GamesBeat: I’ve followed the evolution of digital games very closely over the last few years. There were a lot of venture capitalists investing money. Last year we saw lots of acquisitions. The latest data from Digi Capital suggests that deals happening this year are down 89 percent from last year. A lot of venture capitalists at our conference in May, even, said they were not investing in games, and suggested that people go get money from Chinese companies. Now the stock market is going a little crazy here. I wonder if you could predict what might come out of all this.
Xiao: Well, it’s a bubble. The bubble starts with investment from the capital markets. If people feel like they have money, they tend to spend more. When the stock market is going crazy, people feel like their paper property is being inflated, and so they have a better motivation to invest in a different way.
The market will finally settle down after a correction. We’ll get back to fundamentals, which are very simple. Money is still coming in when people can see a long-term return for it. Gaming is a good field for long-term returns. It’s down to how you invest, who you invest in. If a company is continuously producing quality products in a sustainable way, it’ll have value in the longer term. It’ll still attract capital.
Once the bubble goes, small teams producing just one game—Very few, maybe even none, can continue to succeed in terms of producing quality titles that become hits in the market. It’s very rare. That’s why the people who used to see some initial success and spend money right away or backing off. That’s why you see that 80 percent drop in investment. I doubt many of these companies are making money.
In the long run, the bubble will be gone, and there will still be people who understand this market, who understand companies, who know what their strategies are and invest in real value. There’s always value in the game sector, because there are always customers who want to put their money in this market to buy quality products and entertain themselves. It’s always been a long-term kind of market, and the capital markets will start thinking long-term as well, even in the mobile sector. The growth rate just won’t be that crazy.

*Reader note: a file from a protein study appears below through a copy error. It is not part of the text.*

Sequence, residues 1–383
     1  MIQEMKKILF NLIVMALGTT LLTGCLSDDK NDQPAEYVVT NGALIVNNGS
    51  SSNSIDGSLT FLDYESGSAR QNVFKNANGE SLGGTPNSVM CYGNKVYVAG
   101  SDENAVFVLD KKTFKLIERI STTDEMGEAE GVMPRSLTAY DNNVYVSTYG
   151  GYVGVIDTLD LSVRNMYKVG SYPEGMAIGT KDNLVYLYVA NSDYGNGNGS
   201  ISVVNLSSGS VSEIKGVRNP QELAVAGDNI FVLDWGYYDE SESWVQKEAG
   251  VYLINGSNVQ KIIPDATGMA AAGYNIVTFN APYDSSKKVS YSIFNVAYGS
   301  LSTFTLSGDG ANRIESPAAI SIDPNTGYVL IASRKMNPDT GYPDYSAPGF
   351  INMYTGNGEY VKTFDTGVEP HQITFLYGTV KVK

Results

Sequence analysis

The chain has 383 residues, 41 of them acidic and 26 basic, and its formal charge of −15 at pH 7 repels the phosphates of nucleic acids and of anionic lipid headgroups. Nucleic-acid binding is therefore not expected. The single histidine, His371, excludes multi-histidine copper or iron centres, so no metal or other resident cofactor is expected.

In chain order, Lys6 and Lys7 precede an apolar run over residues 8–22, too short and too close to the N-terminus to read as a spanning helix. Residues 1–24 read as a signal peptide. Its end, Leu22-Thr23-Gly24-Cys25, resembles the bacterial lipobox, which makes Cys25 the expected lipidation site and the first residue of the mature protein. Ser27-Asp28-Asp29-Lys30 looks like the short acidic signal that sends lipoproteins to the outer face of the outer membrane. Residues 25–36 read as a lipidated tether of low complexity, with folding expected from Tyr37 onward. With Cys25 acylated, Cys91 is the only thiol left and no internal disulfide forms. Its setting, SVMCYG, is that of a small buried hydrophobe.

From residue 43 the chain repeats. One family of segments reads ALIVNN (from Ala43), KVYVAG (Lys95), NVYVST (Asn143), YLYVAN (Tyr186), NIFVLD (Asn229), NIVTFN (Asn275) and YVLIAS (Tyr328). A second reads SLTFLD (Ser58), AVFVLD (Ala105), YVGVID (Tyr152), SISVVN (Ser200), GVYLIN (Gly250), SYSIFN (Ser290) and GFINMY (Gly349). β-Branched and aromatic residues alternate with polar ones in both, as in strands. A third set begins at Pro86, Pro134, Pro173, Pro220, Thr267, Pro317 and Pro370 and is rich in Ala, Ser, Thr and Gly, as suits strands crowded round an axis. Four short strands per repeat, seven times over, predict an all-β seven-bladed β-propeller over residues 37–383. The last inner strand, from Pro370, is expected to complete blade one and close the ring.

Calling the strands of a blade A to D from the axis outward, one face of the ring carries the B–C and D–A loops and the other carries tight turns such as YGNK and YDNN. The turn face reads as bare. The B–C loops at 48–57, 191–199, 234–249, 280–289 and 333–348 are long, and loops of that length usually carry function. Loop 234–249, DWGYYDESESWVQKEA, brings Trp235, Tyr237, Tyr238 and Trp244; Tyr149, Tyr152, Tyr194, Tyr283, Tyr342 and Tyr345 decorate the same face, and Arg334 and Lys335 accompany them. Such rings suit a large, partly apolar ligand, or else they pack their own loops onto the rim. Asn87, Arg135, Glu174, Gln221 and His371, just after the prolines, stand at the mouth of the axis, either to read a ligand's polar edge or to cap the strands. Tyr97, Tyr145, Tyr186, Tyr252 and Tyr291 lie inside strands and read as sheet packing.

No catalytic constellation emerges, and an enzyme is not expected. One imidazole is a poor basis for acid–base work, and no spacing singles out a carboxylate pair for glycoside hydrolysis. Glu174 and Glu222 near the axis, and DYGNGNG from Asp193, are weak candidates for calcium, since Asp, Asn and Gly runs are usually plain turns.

Last year saw crazy growth in mobile games. This year the market will cool down. That doesn’t mean mobile games aren’t growing at all.
GamesBeat: What do you think about virtual reality?
Xiao: It’s a possibility. There are still technical issues to resolve before it can become another turning point for a new era of development and growth. It’s not there yet.
GamesBeat: Any last thoughts on how you’d define being a global game company?
Xiao: We want to be on every platform – mobile, PC, console, and possibly VR in the future if it becomes a real thing. We utilize our global capability to develop high-quality games. Quality is number one. Then we continue to expand and build our distribution and publishing globally so we can understand the global consumer better. We can tweak our games to better fit consumer needs – not only characters and storylines, or PvP versus PvE, but also the monetization strategies. Different things work in different markets. We could have similar storylines and similar characters, but a different game. That requires a global capability to understand local markets.
Finally, we want to work with a lot of global partners, like Microsoft, Sony, and Disney – good, capable partners around the world. We don’t intend to pocket all the money we make everywhere. We want to share with our partners. We can support others and others can support us in particular market scenarios. In summary, it’s very simple: global development, local publishing, and global partnership. That’s been our strategy for the last four years, and it isn’t changing.
Disclosure: The organizers of ChinaJoy paid my way to Shanghai. Our coverage remains objective.